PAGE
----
New buses coming to Ann Arbor Public Schools this fall

John Nikolich stands by a bus similar to ones the district is buying.
Fleet Manager John Nikolich stands by a bus similar to ones the district is buying.  Photo by Jo Mathis

By Andrew Cluley

Communications Specialist

Ann Arbor Public Schools will have 23 new school buses this fall, as the district begins the process of updating the bus fleet. The School Board approved the $2.3 million dollar purchase of 15 general education buses, six special education buses, and a pair of buses for pre-school students this week. The new buses are being funded through the $33 million bond proposal voters approved in May.

By approving the purchase before July 1st the district is saving about $43,000, because prices are increasing by two percent next month. The buses may not be on hand at the beginning of the school year, but should arrive sometime this fall.

In addition to buying these buses Ann Arbor Public Schools will retire 13 buses. These two actions will bring the average age of the district’s bus fleet down to 7.4-years-old from slightly over ten-years-old.

The new buses will get 20 to 30 percent better fuel economy and are expected to be about 90 percent cleaner in terms of emissions. The buses will also have additional safety features such as stability control and taller seats.

The School Board also received an update on progress being made as Durham School Services takes over the transportation from the Washtenaw Intermediate School District.

Superintendent Jeanice Swift says this type of transition for a district of Ann Arbor’s size is always a challenge, but Durham’s staff is already hard at work on the process. “We asked them to streamline, make routes more efficient and get pick-ups closer to school start times,” Swift says.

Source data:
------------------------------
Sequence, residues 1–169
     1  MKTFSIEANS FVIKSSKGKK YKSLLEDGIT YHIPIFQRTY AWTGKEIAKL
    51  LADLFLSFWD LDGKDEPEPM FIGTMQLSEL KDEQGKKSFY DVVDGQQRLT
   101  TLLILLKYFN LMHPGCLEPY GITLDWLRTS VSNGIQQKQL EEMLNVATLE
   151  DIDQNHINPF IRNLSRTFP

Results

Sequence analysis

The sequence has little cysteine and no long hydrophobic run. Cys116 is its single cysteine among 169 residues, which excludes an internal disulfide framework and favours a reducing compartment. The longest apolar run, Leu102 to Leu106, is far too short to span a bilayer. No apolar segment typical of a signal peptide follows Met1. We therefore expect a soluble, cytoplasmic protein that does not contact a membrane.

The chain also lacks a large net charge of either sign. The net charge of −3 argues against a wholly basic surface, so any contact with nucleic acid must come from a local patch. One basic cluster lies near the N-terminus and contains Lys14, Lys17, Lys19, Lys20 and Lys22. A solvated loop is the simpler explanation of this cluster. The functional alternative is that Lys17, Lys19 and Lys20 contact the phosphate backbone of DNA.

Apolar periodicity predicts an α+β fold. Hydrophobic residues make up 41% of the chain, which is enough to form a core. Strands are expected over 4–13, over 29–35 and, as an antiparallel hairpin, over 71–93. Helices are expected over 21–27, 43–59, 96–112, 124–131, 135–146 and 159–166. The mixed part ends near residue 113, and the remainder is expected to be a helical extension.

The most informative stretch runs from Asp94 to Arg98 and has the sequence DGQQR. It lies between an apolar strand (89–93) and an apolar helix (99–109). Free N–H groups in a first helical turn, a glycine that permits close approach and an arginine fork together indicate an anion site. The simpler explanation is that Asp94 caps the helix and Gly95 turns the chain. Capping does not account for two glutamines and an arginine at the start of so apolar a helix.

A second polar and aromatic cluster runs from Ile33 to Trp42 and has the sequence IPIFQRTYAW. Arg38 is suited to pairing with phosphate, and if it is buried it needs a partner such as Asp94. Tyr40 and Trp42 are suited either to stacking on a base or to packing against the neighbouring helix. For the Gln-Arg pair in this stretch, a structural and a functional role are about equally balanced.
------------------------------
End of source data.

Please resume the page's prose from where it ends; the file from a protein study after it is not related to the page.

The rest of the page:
Durham’s Regional Vice-President Brad Tate says they will be ready when school starts September 8th. “We don’t look at it like it’s a choice whether we’ll be ready or not, I mean we have to. I mean all these kids have to be picked up safely, delivered to and from school, and ready to learn on time,” Tate says. “It’s not just a creed, it’s a mantra because we as parents, we too rely on buses in some places to transport our children.”

While Durham is committed to delivering a quality service right from the start of the school year, Board Member Donna Lasinski wants to make sure common sense is included when bus routes are developed, not just going strictly by an algorithm. “I know I won’t personally see it as a flaw if bus routes get adjusted during the first month of school,” Lasinski says. “I will see it as a sign of success. I will see that as a sign that you’re listening to our community, that you’re applying common sense to the algorithm. That you’re really thinking about our students arriving ready, confident, and prepared to learn every morning.”

Whatever route the buses will be taking, Durham is installing technology to make sure they know where each bus is located. GPS systems will be in each bus, as well as cameras, and electronic vehicle inspection reports. Initially this information will only be used internally, but Superintendent Swift says the goal is for parents to eventually benefit from this information in real time. “Both the tracking of the bus from a mobile device and the email notification when a bus is on or off it’s time are things that are definitely on our list,” she says. “We’re looking forward to that day when we will have that, and I understand we can’t have it all the first day, but we’re very excited about that.”

Many in the district however are concerned about how the start of the year will go, remembering the difficulties that happened when bus service first transitioned to the WISD. Trustee Simone Lightfoot describes that first week as a nightmare. Durham General Manager Amy Wolfe says they will have plenty of people on hand to answer the phones if parents have concerns.

Durham officials also say they expect to avoid the staffing issues that caused problems this year. 88 of the 90 drivers from this year have opted to continue driving for Ann Arbor schools, and 24 of the bus monitors will remain. Durham hopes to add about 30 more drivers and nearly 30 more monitors this summer.

Bus route information should be set and shared with parents in the second or third week of August.

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